1 Corinthians 1

** The Corinthian church contained some Jews, but more Gentiles,

and the apostle had to contend with the superstition of the one,

and the sinful conduct of the other. The peace of this church

was disturbed by false teachers, who undermined the influence of

the apostle. Two parties were the result; one contending

earnestly for the Jewish ceremonies, the other indulging in

excesses contrary to the gospel, to which they were especially

led by the luxury and the sins which prevailed around them. This

epistle was written to rebuke some disorderly conduct, of which

the apostle had been apprized, and to give advice as to some

points whereon his judgment was requested by the Corinthians.

Thus the scope was twofold. 1. To apply suitable remedies to the

disorders and abuses which prevailed among them. 2. To give

satisfactory answers on all the points upon which his advice had

been desired. The address, and Christian mildness, yet firmness,

with which the apostle writes, and goes on from general truths

directly to oppose the errors and evil conduct of the

Corinthians, is very remarkable. He states the truth and the

will of God, as to various matters, with great force of argument

and animation of style.

* A salutation and thanksgiving. (1-9) Exhortation to brotherly

love, and reproof for divisions. (10-16) The doctrine of a

crucified Saviour, as advancing the glory of God, (17-25) and

humbling the creature before him. (26-31)

1-9 All Christians are by baptism dedicated and devoted to

Christ, and are under strict obligations to be holy. But in the

true church of God are all who are sanctified in Christ Jesus,

called to be saints, and who call upon him as God manifest in

the flesh, for all the blessings of salvation; who acknowledge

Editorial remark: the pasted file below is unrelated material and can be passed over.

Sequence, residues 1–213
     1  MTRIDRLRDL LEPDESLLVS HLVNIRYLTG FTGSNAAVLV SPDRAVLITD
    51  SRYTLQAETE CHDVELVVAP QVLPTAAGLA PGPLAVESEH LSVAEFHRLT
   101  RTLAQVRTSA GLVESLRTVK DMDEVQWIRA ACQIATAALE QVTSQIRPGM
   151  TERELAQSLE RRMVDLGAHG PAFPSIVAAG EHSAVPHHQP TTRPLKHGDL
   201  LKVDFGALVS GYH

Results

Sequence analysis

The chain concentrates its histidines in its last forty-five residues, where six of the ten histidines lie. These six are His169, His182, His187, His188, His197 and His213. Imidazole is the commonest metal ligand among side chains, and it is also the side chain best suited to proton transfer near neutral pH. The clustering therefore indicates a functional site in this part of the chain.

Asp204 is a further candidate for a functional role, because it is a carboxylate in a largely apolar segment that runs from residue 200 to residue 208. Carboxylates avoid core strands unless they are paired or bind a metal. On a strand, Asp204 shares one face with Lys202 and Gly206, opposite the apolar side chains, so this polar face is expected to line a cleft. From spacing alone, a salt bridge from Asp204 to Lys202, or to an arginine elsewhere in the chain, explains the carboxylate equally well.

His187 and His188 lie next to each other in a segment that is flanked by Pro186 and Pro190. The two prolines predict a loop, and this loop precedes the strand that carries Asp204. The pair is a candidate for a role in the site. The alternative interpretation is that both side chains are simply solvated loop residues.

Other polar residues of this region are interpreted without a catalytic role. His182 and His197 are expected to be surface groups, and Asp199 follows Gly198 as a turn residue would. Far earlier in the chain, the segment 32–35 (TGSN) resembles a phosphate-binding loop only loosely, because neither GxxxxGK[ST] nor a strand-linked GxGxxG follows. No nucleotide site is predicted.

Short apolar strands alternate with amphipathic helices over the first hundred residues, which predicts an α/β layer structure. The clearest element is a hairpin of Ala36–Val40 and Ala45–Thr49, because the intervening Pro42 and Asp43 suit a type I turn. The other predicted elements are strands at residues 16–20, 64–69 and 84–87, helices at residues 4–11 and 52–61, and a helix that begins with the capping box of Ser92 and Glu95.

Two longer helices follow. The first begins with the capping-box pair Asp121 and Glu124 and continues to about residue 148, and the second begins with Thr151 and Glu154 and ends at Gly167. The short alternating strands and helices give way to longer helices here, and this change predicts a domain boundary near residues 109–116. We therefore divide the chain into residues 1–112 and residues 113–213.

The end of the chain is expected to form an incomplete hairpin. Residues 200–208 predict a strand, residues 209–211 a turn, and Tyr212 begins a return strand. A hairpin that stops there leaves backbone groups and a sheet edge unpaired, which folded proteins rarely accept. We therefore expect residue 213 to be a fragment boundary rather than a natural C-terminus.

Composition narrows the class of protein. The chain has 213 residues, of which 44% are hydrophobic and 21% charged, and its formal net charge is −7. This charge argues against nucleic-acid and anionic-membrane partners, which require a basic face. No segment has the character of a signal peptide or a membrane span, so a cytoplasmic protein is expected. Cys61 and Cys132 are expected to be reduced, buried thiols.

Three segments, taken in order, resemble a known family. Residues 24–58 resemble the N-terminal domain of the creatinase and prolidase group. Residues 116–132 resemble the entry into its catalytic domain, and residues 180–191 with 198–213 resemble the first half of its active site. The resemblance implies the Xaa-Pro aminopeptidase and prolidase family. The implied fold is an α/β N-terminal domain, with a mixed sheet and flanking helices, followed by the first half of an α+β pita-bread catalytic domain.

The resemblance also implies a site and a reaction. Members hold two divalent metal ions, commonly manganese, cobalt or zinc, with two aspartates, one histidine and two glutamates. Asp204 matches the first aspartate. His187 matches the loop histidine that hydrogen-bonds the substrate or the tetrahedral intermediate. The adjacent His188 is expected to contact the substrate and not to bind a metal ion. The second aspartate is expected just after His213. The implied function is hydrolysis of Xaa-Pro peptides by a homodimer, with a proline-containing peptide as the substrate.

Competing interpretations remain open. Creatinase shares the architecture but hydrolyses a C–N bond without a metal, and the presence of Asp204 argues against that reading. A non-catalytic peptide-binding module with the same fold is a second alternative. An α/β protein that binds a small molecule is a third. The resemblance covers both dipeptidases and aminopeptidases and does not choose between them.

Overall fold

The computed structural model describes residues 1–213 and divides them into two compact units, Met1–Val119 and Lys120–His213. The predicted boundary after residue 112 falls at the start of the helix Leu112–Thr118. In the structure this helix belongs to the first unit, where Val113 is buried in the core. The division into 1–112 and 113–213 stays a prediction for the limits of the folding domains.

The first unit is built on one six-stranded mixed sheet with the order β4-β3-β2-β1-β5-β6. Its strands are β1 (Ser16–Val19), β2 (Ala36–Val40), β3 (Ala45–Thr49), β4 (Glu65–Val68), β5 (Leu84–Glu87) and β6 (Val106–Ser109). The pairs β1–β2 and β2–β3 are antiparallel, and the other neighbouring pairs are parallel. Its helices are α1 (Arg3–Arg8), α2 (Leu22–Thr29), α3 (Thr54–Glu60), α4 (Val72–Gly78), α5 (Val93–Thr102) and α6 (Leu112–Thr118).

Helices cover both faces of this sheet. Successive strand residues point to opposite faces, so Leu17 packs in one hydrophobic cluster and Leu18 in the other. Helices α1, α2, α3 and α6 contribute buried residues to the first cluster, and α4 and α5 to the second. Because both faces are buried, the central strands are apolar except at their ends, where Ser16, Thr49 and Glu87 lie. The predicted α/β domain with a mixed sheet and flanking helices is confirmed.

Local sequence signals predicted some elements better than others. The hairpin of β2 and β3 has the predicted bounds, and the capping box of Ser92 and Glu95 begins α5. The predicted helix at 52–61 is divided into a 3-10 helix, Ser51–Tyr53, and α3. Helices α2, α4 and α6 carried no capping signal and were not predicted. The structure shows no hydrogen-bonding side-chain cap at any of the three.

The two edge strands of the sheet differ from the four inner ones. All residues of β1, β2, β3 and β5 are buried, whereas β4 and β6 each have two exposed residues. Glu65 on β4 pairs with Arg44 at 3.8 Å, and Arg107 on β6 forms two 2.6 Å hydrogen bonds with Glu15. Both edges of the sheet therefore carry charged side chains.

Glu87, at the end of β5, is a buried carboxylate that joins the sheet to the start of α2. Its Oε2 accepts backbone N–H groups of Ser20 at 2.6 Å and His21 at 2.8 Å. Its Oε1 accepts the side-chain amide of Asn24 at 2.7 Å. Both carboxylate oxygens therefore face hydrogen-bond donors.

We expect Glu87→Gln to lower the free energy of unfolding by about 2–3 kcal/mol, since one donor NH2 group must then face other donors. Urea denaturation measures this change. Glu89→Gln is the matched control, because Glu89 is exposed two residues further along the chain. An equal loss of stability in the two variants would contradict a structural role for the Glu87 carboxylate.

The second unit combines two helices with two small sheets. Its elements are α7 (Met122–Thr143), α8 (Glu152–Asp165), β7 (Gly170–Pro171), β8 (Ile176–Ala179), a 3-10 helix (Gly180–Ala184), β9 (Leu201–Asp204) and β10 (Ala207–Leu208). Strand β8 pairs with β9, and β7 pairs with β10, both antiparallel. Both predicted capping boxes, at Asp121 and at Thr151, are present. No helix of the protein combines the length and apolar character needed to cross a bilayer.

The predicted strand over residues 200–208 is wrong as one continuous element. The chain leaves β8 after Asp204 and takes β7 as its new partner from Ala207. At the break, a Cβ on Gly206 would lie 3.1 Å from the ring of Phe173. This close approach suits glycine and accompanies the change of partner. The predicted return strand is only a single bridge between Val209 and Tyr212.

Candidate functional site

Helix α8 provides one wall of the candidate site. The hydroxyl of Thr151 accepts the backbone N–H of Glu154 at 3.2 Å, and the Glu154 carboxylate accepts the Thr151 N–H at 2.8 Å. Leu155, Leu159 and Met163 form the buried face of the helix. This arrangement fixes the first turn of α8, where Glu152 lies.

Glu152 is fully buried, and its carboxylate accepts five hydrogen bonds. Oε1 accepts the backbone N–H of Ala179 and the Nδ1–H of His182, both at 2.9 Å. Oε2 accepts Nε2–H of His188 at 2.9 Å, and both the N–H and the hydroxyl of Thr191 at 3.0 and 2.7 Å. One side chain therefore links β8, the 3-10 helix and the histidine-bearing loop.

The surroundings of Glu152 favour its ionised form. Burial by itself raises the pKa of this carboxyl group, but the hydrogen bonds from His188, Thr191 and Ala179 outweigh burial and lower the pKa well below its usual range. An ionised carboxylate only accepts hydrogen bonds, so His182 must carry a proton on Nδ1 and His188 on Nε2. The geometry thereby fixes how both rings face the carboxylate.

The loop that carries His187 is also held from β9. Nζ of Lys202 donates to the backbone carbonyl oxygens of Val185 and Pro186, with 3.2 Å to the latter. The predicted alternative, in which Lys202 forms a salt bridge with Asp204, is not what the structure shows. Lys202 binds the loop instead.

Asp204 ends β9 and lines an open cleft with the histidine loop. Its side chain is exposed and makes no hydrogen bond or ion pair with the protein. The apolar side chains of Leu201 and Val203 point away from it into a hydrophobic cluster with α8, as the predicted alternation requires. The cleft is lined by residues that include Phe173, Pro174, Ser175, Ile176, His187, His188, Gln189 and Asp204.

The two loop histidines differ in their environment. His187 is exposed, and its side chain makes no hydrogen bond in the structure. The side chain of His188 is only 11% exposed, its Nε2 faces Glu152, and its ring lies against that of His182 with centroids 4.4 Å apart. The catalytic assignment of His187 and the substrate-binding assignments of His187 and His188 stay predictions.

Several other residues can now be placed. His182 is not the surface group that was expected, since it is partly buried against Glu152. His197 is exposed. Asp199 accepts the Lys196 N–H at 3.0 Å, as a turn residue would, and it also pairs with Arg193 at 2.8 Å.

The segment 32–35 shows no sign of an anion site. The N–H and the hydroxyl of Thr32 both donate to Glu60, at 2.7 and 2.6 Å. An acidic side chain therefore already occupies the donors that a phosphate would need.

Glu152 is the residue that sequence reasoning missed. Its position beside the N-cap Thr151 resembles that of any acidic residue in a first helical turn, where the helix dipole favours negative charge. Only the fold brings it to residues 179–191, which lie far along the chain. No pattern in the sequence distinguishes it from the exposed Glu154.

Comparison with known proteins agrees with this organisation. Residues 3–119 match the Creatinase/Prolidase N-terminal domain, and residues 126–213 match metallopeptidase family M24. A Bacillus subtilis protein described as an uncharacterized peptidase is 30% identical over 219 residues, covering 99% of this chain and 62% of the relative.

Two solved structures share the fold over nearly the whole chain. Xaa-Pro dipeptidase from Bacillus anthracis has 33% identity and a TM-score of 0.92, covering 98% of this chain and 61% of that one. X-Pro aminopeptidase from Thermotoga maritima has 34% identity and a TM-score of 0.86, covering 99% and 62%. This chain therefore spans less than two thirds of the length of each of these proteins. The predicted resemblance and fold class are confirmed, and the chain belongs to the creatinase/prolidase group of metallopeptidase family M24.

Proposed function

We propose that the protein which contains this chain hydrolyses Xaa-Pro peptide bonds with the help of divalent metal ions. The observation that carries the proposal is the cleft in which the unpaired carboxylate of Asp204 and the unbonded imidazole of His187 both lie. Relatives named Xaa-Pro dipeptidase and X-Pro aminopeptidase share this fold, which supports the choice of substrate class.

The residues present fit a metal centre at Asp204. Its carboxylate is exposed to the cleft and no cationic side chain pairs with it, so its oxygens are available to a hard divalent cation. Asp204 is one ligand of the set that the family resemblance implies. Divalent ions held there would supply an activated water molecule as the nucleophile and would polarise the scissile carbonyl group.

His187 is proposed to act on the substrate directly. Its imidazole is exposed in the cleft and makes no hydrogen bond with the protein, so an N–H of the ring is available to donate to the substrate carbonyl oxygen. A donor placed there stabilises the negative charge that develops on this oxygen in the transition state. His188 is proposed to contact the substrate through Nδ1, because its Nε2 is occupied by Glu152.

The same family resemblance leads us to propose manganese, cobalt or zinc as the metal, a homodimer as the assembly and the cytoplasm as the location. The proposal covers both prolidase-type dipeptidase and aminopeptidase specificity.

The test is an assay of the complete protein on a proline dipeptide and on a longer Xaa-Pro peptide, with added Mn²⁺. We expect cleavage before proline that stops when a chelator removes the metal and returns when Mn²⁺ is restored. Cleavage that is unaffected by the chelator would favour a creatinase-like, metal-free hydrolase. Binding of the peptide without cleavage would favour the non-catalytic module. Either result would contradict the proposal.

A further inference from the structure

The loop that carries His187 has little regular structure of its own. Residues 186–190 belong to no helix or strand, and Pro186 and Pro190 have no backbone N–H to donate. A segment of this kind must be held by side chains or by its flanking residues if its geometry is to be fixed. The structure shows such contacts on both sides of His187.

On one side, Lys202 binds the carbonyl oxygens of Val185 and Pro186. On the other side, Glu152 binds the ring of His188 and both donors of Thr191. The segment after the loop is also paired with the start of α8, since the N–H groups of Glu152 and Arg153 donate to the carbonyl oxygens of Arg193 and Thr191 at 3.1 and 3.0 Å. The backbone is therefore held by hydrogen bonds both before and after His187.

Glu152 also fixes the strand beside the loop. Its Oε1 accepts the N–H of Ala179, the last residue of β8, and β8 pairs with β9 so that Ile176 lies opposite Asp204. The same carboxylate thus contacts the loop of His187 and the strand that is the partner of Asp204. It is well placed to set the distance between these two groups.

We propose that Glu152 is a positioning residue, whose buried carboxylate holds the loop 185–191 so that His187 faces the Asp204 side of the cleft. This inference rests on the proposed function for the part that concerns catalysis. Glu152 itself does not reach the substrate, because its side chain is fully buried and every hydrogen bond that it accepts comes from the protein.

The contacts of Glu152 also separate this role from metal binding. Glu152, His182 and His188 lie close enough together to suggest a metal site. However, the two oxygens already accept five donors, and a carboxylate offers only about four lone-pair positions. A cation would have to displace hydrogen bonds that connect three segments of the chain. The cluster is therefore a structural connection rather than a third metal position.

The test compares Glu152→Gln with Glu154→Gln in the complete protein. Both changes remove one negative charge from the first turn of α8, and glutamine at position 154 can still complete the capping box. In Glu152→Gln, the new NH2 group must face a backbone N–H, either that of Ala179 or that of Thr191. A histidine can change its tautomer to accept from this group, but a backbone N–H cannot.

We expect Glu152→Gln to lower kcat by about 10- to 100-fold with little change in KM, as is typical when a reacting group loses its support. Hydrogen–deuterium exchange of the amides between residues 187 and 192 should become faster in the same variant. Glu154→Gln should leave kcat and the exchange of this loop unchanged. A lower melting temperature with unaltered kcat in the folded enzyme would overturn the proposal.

and obey him as their Lord, and as Lord of all; it includes no

other persons. Christians are distinguished from the profane and

atheists, that they dare not live without prayer; and they are

distinguished from Jews and pagans, that they call on the name

of Christ. Observe how often in these verses the apostle repeats

the words, Our Lord Jesus Christ. He feared not to make too

frequent or too honourable mention of him. To all who called

upon Christ, the apostle gave his usual salutation, desiring, in

their behalf, the pardoning mercy, sanctifying grace, and

comforting peace of God, through Jesus Christ. Sinners can have

no peace with God, nor any from him, but through Christ. He

gives thanks for their conversion to the faith of Christ; that

grace was given them by Jesus Christ. They had been enriched by

him with all spiritual gifts. He speaks of utterance and

knowledge. And where God has given these two gifts, he has given

great power for usefulness. These were gifts of the Holy Ghost,

by which God bore witness to the apostles. Those that wait for

the coming of our Lord Jesus Christ, will be kept by him to the

end; and those that are so, will be blameless in the day of

Christ, made so by rich and free grace. How glorious are the

hopes of such a privilege; to be kept by the power of Christ,

from the power of our corruptions and Satan's temptations!
10-16 In the great things of religion be of one mind; and where

there is not unity of sentiment, still let there be union of

affection. Agreement in the greater things should extinguish

divisions about the lesser. There will be perfect union in

heaven, and the nearer we approach it on earth, the nearer we

come to perfection. Paul and Apollos both were faithful

ministers of Jesus Christ, and helpers of their faith and joy;

but those disposed to be contentious, broke into parties. So

liable are the best things to be corrupted, and the gospel and

its institutions made engines of discord and contention. Satan

has always endeavoured to stir up strife among Christians, as

one of his chief devices against the gospel. The apostle left it